In the last match against Chile, Chaoba converted a penalty-kick, but the Latin American nation ran away winners 2-1. Even though the side lost all its matches in the tournament, a number of the team members stressed that it was a major learning experience for the unit.

A creditable show

“This was the first time we got to play such big names and the credit goes to her (Jayalalithaa). We were a very young team with no exposure to world football till then and that tournament worked as an eye-opener,” Pushpa, who had scored the first goal for India in the Gold Cup told Scroll on Tuesday.

She added, “The foreign coaches were so impressed with our performance. The Ghana manager told us that given the right infrastructure, we had the potential to challenge the big forces. But that was not to happen.”

The coach of the side now suffers from dementia and failed to recall any memories from that particular tournament. “My memory betrays me these days. I am unable to remember anything from 1994,” Arumainayagam told Scroll in an apologetic tone over telephone.

Mario Rebello, another young member of the squad who enjoyed significant media coverage a couple of years ago for becoming the first woman referee to officiate a match in the I-League, was also grateful to Amma.

“It was a very well organized tournament and for the first time, we were put up in a five-star hotel. We were all very eager to meet her but she was too busy to attend the matches. Our group went on to form the core of the side that took part in 1995 AFC Women’s Championship in 1995.”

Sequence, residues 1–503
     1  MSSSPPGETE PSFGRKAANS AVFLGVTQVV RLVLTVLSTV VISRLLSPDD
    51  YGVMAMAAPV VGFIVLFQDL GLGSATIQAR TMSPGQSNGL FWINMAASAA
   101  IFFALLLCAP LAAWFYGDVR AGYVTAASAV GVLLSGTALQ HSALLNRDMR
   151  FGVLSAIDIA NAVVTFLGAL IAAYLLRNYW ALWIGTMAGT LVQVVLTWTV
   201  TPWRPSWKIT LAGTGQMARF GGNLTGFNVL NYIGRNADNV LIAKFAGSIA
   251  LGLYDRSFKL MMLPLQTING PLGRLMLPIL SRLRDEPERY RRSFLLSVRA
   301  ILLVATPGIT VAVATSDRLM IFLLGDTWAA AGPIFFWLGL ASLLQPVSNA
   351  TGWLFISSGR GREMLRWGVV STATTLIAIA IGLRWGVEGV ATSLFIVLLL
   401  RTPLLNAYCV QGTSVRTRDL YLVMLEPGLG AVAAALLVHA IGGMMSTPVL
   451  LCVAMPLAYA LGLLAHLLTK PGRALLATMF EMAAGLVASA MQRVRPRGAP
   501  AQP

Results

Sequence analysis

Rebello, Das, Chaoba and Chaitali Kar all went on to become doyens of Indian football in the next few years. The media reports also talked about the significance of the platform that the Gold Cup had provided and how the team improved their performance as the tournament went on.

“India paid dearly for their lack of experience and poor marksmanship,” the Times of India noted. “India came up with their best show in the tournament against Chile but it came a little late,” wrote KV Vasudevan, writing for The Indian Express.

However, that great endeavour by the Tamil Nadu Chief Minister ended up being the only edition of the Gold Cup. Her biggest political rival, Karunanidhi dragged a bank to the court for alleged misuse of funds during the contest.

Believe it or not, that remains the only international women’s football tournament ever held in this country and the only international competition where the women’s team has taken part till date, leaving aside the Asian Cup and the SAFF Cup where participation is mandatory.

“That remains one of the most important chapters of women’s football history simply because nothing similar has taken place till date,” Rebello quipped. While the AIFF played along during the inaugural version, their nonchalance to arrange for similar involvements in the last two decades is appalling.

Amongst all the pandemonium, it is pretty obvious that the little contribution of Jayalalithaa has by now become a forgotten chapter of Indian football history.

Atanu Mitra has been covering Indian football for more than four years. He tweets @Atanu00.